Bouncy, Bouncy Thrash
“Lullaby For A Dead Man” is a mix of folk, thrash and death metal. No matter how heavy it gets the song never loses that folk vibe (there are I think some sort of pipes on this). The solo is utter thrash metal, fast and furious. It goes through a few transitions between styles and even in vocal delivery. The title track is a mid-paced stomper which swings along nicely, or until it changes into a brutal riff and some very tribal-sounding chanting. It bounces along more than Tigger in a very happy mood. The breakdown in the middle is acoustic/electric and mad as a box of frogs. I have a grin on my face every time it comes around!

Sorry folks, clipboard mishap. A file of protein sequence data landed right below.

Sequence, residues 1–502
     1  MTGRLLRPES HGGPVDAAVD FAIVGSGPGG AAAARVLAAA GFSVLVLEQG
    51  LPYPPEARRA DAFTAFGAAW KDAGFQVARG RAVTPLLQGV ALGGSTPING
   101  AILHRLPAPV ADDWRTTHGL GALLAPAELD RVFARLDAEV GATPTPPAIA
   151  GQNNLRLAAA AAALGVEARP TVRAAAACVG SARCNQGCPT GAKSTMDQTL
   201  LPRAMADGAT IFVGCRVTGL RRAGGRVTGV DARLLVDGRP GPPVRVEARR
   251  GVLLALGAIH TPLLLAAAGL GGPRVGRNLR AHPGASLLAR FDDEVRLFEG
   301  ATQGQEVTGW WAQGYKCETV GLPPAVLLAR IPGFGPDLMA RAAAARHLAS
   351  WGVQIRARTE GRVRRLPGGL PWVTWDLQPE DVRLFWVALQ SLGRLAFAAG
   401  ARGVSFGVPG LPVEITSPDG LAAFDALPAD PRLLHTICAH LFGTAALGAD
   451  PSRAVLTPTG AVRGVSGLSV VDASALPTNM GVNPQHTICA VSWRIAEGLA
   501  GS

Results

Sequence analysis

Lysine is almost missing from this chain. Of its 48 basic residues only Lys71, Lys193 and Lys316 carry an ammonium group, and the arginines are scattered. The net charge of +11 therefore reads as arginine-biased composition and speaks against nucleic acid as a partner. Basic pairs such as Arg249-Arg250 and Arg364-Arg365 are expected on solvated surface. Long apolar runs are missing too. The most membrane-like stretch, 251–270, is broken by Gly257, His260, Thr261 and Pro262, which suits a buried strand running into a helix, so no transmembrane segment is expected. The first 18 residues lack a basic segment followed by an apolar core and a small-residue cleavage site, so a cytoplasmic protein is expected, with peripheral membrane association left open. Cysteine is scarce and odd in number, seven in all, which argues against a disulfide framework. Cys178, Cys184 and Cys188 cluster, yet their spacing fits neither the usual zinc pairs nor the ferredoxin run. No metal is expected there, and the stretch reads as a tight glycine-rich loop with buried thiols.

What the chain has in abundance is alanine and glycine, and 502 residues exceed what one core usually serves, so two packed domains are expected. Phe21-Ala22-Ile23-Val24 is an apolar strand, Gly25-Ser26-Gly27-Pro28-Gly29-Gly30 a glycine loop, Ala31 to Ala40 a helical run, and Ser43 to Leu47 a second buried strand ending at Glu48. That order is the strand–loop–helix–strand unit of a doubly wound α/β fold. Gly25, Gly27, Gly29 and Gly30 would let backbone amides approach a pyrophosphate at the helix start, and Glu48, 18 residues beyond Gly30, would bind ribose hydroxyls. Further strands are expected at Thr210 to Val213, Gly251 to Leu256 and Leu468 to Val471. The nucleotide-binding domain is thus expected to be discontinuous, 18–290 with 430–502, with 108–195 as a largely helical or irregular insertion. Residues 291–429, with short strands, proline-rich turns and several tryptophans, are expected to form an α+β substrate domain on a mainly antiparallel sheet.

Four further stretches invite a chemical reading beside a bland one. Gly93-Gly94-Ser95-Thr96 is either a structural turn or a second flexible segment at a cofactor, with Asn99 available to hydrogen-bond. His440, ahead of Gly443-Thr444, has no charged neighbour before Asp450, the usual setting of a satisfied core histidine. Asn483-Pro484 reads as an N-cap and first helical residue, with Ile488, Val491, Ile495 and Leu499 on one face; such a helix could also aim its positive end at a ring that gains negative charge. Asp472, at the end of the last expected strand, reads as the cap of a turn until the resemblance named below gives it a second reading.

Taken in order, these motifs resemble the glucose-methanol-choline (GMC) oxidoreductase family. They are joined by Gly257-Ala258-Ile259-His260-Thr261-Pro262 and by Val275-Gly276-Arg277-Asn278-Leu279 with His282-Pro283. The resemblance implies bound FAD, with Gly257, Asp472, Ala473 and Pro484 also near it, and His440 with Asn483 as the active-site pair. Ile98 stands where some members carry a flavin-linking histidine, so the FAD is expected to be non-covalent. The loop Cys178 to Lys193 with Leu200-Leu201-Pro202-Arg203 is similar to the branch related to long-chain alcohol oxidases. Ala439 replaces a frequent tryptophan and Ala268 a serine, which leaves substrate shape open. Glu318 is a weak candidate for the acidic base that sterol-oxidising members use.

“Ridges Of Suffering” has a bit of a movie soundtrack vibe in parts while still being heavy and folky. The verses are thrashy, the choruses melodic and as a Scottish person I do feel there is a definite connection between the folk music here and where the band originate; there is a similarity to the Celtic music I grew up with. The fast-flowing melody on this is wonderfully exuberant, you cannot help but be carried along with it.
Anthemic And War Like
“Thunderland” has that Nordic Country style riffage mixed with pipes and I think a Jew’s Harp (it sounds like one) and so marches along stamping its feet and prepares for battle (possibly). It gets you in the chest, ready to fight all enemies. There is a bit of both Manowar and Rammstein without sounding like either, but rather in the presentation or militaristic style. Anthemic as fuck. Again I can only imagine this with an audience of metal fans who are up for a party. Good times guaranteed.